Where an employee is facing disciplinary allegations, it is fairly common for them to be suspended from work during the investigation and disciplinary process. Often, an employer will reserve the right to do so in contracts of employment. The usual rationale for this is to protect the integrity of the investigation and to protect the business if the allegations are serious.
However, there are downsides to exercising this right. It is possible for employees who are suspended to claim breach of contract or to resign and bring a claim for constructive dismissal on the basis that suspending them is a breach of trust and confidence or another term of their contract. This might be particularly so if their income is heavily based on commission, meaning that suspension prevents them from earning.
The ACAS Guide on Discipline suggests that good practice involves ensuring suspension is never used as a sanction, the period of suspension is kept brief and employees are informed how their pay will be calculated while on suspension.
Essentially, regard should be given to all the relevant circumstances in taking a decision to suspend. Suspension should not be a ‘knee-jerk’ reaction applied as soon as an employee is accused of any misconduct, but a decision taken reasonably where there is cause to do so. Employers should consider of itself the question of whether suspension is required in any particular matter and, rather than simply confirm a decision to suspend of itself, should also seek to confirm to the employee the particular reason why suspension is deemed appropriate.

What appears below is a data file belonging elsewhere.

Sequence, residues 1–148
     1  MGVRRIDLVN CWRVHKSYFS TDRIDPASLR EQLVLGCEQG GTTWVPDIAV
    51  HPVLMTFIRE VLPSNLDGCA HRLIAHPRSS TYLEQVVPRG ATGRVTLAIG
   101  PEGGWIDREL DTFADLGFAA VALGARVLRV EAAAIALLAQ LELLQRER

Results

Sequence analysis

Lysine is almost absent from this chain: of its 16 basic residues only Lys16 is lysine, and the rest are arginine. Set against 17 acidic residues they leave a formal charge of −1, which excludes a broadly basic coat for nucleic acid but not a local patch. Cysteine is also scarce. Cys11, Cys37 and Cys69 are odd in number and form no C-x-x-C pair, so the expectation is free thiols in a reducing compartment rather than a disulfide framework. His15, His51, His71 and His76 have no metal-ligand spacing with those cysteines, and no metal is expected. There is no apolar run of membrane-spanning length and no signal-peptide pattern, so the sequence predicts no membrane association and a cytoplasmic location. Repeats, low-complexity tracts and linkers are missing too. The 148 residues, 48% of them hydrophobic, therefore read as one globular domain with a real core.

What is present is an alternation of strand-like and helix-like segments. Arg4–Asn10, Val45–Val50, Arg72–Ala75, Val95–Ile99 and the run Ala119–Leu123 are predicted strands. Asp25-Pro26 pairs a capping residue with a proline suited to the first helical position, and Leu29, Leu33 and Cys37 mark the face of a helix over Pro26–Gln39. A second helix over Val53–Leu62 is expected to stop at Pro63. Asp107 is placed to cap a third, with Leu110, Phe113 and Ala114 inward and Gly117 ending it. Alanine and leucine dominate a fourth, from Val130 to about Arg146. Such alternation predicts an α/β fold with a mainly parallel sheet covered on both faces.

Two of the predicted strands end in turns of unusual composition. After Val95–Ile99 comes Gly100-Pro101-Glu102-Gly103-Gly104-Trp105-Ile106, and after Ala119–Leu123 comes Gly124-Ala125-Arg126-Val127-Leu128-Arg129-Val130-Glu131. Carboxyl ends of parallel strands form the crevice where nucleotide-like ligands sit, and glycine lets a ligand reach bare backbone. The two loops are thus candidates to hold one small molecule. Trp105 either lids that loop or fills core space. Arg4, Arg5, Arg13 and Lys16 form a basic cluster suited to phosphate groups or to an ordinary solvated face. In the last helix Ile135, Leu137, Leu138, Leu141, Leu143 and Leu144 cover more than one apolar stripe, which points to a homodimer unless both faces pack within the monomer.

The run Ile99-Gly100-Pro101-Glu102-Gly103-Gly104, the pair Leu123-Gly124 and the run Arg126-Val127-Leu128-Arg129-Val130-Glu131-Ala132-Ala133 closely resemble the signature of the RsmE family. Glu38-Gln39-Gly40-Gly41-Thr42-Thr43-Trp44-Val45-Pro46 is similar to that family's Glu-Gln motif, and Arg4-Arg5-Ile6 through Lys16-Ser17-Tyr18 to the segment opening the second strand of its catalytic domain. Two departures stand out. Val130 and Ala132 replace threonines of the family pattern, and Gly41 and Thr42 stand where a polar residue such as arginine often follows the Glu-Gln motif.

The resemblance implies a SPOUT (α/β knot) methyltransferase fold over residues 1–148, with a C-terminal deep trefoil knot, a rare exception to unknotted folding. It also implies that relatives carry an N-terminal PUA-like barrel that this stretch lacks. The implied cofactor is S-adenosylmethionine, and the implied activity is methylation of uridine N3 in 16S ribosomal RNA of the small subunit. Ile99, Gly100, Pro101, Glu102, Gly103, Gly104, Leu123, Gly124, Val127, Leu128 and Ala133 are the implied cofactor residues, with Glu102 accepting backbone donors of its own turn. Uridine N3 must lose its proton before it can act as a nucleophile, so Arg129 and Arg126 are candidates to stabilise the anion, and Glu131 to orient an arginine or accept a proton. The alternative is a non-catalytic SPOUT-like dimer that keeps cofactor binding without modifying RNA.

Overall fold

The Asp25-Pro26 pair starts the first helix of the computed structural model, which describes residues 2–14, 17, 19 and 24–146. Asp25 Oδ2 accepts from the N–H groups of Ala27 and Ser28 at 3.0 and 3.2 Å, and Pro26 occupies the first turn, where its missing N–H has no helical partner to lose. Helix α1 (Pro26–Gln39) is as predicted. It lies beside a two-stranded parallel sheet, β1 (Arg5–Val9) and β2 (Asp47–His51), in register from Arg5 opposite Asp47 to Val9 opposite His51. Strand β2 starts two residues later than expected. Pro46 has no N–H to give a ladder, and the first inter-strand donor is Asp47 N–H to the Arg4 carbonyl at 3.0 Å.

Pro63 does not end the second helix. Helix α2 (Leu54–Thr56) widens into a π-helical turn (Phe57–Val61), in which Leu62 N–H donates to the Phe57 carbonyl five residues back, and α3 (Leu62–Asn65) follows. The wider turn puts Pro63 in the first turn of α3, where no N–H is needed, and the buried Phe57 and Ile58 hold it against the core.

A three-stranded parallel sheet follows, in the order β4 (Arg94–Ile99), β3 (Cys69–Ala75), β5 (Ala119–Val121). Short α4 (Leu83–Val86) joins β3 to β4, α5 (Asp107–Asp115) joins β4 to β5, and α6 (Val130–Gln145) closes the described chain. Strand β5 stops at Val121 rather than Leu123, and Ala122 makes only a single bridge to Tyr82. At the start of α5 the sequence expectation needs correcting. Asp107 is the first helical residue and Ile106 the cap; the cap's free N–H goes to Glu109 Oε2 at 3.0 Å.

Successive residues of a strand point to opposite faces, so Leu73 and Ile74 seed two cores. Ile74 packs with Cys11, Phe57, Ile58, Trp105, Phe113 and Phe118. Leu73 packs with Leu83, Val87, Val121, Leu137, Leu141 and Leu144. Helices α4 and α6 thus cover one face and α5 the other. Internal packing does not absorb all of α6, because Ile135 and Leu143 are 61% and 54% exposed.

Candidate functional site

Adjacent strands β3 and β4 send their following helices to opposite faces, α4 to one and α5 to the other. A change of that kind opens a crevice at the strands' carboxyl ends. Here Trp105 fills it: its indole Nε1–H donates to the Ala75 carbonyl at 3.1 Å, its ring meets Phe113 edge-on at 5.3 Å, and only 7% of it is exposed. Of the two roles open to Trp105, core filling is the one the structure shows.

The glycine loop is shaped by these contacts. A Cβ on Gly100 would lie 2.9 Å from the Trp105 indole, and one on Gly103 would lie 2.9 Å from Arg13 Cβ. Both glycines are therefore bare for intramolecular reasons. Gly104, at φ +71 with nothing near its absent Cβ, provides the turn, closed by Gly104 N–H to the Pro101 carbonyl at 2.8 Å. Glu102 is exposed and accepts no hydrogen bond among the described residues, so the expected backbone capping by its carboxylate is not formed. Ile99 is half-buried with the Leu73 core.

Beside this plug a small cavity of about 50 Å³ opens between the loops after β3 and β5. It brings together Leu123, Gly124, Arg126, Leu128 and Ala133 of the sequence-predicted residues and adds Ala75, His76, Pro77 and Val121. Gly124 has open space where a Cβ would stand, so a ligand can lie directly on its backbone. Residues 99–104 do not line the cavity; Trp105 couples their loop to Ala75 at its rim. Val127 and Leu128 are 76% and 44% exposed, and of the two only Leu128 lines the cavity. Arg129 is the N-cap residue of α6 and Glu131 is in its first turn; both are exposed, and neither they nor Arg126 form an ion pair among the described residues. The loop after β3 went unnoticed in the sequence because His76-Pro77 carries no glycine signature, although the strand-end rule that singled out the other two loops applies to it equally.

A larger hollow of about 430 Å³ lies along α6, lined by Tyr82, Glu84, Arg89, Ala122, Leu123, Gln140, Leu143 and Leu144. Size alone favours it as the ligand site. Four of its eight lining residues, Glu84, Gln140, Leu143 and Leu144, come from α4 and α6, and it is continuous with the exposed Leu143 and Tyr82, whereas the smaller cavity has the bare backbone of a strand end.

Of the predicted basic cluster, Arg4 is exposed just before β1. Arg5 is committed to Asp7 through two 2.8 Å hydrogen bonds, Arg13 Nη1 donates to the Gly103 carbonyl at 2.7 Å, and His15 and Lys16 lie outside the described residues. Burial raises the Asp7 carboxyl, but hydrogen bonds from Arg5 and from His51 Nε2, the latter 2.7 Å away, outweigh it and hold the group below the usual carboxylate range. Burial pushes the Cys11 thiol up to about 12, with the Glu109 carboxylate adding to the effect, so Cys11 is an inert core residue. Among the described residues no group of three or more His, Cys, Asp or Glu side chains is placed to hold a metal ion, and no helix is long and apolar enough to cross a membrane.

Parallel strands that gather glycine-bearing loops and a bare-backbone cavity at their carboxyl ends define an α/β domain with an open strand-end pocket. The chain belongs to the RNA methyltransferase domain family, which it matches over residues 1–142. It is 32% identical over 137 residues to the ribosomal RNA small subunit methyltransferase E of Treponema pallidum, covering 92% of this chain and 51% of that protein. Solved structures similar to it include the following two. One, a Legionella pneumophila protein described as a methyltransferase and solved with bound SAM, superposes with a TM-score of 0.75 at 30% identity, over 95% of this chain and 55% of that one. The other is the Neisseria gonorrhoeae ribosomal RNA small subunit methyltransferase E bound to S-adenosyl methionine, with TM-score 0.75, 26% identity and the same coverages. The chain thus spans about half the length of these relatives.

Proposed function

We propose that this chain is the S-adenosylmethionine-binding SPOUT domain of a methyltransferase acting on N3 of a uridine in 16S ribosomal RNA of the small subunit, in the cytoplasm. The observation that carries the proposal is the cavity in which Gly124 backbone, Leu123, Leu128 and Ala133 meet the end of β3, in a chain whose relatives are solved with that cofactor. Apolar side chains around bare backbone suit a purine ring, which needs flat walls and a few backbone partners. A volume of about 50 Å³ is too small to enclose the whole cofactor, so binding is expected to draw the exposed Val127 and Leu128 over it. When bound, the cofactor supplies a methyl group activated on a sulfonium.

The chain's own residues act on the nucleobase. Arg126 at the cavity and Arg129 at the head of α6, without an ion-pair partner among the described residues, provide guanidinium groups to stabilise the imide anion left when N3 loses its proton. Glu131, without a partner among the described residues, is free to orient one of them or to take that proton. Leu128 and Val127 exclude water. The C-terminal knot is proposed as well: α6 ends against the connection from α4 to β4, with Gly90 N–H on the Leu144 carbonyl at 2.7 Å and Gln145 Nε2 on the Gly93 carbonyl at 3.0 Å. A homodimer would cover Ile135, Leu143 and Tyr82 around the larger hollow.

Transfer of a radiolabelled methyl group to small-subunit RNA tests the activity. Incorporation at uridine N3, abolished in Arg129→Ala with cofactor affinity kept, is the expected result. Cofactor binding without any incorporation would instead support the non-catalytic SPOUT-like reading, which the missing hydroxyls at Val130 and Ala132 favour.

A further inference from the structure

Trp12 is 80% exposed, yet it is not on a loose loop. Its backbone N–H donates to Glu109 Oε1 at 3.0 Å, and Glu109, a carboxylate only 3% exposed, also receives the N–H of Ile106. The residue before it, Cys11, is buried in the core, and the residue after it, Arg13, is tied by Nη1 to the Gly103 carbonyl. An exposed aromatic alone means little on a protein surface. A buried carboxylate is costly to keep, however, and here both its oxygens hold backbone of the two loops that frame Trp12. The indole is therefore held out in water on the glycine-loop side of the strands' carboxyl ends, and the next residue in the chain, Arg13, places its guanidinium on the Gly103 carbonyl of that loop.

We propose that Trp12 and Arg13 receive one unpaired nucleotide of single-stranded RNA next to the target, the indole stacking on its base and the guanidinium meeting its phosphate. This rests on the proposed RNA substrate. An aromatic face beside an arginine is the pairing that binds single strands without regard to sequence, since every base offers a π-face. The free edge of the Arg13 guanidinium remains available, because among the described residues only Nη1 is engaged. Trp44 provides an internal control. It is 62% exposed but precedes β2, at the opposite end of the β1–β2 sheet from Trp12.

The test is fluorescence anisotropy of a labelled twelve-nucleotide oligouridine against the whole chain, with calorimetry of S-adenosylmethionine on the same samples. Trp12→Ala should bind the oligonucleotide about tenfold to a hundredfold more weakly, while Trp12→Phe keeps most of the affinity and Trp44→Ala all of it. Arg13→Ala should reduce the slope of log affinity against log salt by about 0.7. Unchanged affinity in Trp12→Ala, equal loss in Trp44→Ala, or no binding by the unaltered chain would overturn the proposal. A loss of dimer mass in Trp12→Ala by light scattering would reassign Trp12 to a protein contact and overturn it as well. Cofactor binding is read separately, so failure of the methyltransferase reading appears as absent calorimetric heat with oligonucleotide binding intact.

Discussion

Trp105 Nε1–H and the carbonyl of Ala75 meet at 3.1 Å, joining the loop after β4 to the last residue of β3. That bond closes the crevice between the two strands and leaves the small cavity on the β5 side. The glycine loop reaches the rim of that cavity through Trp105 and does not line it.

Factors which may be relevant to this include:
The Court of Appeal has recently given some guidance on this issue in the case of London Borough of Lambeth v Agoreyo. That case concerned a teacher who was suspended as a result of allegations that she had used excessive force against two children, including by dragging them out of the classroom. Ms Agoreyo’s position was that her suspension was excessive and she resigned and made a claim for breach of contract. The Court of Appeal held that suspending an employee will not be a breach of trust and confidence (founding a constructive dismissal claim) where the employer has reasonable and proper cause for the suspension. The suspension does not have to be shown to be necessary, only that there are clear reasons for it which are reasonable in the circumstances, in this case being to safeguard young children. The Court emphasised that these issues are highly fact specific.
Therefore, to ensure that an employer is able to satisfy the test laid down by the court in the Agoreyo case and not leave itself open to the risks of a constructive dismissal claim, where an employer is considering suspending an employee:
For more information and guidance on this or any other employment law issues, please get in touch with a member of our Employment team today.